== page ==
Grandma leaves – hissy fit.

And the list goes on and on. After one particularly rough day when the hissy fit was so bad at school he had to go home, I immediately spiraled into a pit of mom guilt so deep even mid-day, high-dollar chocolate couldn’t bring me out.

It’s been a rough year with a new and highly incompetent teacher (It’s not brain surgery girl, it’s special ed preschool.) and I’m beginning to think special ed is holding him back. I spiraled from, maybe we should pull him from that school, to maybe if I weren’t so busy taking care of other people’s kids all day mine wouldn’t be in this mess.

I talked it out at work, (A major advantage to dealing with special ed school issues for you own kid is working in a special ed school) until I finally relented and called Wilson – I mean, the Turk. I’m not sure why I was moved to call him but I assumed that women with tribes do that kind of thing.

“I don’t know, I just think maybe if I weren’t working all the time I could get Nugget going again and put an end to this crap.” I whimpered on the verge of tears.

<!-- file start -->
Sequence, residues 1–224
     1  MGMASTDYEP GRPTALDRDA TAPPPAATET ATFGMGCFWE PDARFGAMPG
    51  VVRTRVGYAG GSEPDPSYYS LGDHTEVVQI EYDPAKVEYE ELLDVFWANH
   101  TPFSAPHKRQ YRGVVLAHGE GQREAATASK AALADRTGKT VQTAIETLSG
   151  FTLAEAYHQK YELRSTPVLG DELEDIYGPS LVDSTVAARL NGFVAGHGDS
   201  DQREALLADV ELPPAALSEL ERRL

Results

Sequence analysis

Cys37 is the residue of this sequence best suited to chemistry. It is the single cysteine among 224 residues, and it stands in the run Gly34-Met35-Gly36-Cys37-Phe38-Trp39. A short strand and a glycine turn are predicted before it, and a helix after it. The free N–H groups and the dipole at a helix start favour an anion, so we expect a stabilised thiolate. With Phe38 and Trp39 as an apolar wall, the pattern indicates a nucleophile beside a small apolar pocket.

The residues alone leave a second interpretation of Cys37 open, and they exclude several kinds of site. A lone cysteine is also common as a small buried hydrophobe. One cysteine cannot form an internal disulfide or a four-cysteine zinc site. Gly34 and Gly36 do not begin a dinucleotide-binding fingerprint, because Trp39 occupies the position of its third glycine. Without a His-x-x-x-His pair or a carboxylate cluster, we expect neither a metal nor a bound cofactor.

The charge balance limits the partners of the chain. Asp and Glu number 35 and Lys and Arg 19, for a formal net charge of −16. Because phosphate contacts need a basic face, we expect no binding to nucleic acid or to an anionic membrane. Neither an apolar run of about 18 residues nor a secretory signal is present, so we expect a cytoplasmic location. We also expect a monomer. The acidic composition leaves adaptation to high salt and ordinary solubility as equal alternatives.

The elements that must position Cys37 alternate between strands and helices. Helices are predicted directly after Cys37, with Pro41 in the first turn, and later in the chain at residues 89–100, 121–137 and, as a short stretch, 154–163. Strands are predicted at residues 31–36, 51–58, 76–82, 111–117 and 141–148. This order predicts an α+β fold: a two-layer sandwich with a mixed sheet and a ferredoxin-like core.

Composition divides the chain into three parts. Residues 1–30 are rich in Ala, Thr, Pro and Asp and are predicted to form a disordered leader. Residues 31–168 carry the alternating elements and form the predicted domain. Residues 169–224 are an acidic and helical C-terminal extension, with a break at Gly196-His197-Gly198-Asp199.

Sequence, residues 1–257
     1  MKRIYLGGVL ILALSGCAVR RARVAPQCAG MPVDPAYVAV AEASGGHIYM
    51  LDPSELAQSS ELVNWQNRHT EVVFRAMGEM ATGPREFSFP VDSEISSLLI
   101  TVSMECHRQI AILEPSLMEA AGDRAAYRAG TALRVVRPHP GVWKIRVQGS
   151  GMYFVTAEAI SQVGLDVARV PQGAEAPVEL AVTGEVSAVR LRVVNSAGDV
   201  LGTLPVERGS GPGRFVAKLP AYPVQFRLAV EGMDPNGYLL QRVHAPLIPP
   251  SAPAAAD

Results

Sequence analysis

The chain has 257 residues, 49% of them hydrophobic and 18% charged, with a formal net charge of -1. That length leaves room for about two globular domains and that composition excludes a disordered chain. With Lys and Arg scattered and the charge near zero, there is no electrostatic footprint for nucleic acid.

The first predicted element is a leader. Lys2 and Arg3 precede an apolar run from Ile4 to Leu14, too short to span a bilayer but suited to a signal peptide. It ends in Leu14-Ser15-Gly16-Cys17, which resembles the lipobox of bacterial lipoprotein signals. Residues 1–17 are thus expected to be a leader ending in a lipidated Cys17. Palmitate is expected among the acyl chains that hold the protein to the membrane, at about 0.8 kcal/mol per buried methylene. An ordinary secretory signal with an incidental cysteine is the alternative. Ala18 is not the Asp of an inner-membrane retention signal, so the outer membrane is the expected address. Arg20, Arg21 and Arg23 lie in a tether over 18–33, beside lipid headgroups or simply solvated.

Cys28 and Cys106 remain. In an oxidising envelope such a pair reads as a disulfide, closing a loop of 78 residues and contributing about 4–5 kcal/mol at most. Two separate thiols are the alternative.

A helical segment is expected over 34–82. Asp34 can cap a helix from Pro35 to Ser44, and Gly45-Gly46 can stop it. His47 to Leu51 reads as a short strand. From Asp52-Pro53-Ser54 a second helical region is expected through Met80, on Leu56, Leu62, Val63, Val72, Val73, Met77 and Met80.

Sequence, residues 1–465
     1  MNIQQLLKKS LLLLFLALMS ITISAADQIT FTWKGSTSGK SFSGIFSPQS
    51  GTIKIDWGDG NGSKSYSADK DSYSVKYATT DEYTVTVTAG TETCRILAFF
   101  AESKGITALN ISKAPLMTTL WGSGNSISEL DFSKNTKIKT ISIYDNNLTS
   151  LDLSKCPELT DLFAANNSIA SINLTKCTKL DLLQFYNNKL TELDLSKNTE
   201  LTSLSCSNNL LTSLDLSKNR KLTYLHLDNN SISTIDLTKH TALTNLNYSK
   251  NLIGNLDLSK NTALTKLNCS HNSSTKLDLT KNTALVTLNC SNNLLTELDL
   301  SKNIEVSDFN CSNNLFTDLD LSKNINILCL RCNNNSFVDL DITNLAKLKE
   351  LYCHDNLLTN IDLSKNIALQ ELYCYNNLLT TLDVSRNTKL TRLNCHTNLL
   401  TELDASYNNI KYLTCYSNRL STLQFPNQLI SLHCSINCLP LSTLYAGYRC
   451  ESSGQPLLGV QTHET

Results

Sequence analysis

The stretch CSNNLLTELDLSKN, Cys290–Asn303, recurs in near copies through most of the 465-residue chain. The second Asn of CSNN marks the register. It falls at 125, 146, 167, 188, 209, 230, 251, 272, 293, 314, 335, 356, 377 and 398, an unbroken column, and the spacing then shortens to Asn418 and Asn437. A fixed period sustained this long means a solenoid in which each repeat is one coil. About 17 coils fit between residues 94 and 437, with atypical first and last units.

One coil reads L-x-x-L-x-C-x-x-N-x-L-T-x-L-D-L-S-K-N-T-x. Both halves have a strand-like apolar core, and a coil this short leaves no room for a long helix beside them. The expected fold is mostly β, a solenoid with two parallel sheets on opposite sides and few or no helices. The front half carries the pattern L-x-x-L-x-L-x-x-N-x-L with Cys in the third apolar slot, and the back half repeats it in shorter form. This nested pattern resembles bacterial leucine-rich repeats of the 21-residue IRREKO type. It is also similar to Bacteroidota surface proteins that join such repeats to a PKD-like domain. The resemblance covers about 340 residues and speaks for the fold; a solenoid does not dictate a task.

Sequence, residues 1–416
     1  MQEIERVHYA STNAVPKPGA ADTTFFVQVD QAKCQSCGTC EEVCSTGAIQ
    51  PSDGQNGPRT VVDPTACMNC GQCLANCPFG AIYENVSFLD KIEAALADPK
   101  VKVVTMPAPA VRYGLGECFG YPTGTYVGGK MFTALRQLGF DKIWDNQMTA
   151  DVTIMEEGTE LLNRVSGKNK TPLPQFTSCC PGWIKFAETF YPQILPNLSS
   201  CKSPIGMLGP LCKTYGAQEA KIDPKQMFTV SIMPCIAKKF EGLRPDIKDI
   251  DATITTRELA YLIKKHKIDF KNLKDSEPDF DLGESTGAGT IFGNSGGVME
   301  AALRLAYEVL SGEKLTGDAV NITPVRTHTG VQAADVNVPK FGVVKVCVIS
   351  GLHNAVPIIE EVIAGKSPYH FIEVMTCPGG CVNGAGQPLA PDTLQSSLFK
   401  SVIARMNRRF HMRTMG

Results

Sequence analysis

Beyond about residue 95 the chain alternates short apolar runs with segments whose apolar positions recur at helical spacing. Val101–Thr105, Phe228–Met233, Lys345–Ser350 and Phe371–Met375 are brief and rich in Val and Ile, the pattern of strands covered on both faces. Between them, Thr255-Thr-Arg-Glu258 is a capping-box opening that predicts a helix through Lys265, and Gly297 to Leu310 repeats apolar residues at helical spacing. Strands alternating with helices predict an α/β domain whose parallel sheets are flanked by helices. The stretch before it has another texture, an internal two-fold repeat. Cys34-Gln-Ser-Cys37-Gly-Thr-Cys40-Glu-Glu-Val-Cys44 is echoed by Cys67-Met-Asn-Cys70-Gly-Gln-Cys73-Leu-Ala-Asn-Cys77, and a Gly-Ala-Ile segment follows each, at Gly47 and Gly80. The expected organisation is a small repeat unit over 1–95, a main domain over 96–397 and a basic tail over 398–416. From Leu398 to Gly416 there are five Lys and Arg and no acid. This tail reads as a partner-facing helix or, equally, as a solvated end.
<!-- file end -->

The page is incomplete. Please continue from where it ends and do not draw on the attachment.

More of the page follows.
“No.” The Turk replied.

“What?”

“Honey, calm down. He is asshole. Even if you home all the time, he still be asshole.”

“Are you joking?” Sometimes it’s hard to tell with that accent.

“No. Don’t you remember Number 1 at this age? He was asshole too. He is not asshole now so they get over it. You don’t need to quit.”

The Turk was right. There was never a time when I understood more fully why animals eat their young than when our oldest was four. He was indeed a raging asshole but fortunately, he grew out of it.

“When I kid, I hate school too. My father get so mad because I never learn letters or write. I not do it because I thought it was stupid. Maybe he’s the same. Relax. We get him there.”

And with that, my meltdown ended. I didn’t need some ridiculous tribe; I only needed Wilson to finally talk back to me on my desert island.

Unfortunately, we are only 3.5 months into this grand age of 4 and with some wine and more high-dollar midday chocolate, I might make it through. Better than that though, I realized a gal doesn’t need a tribe as long as she has a straight shooting Turk.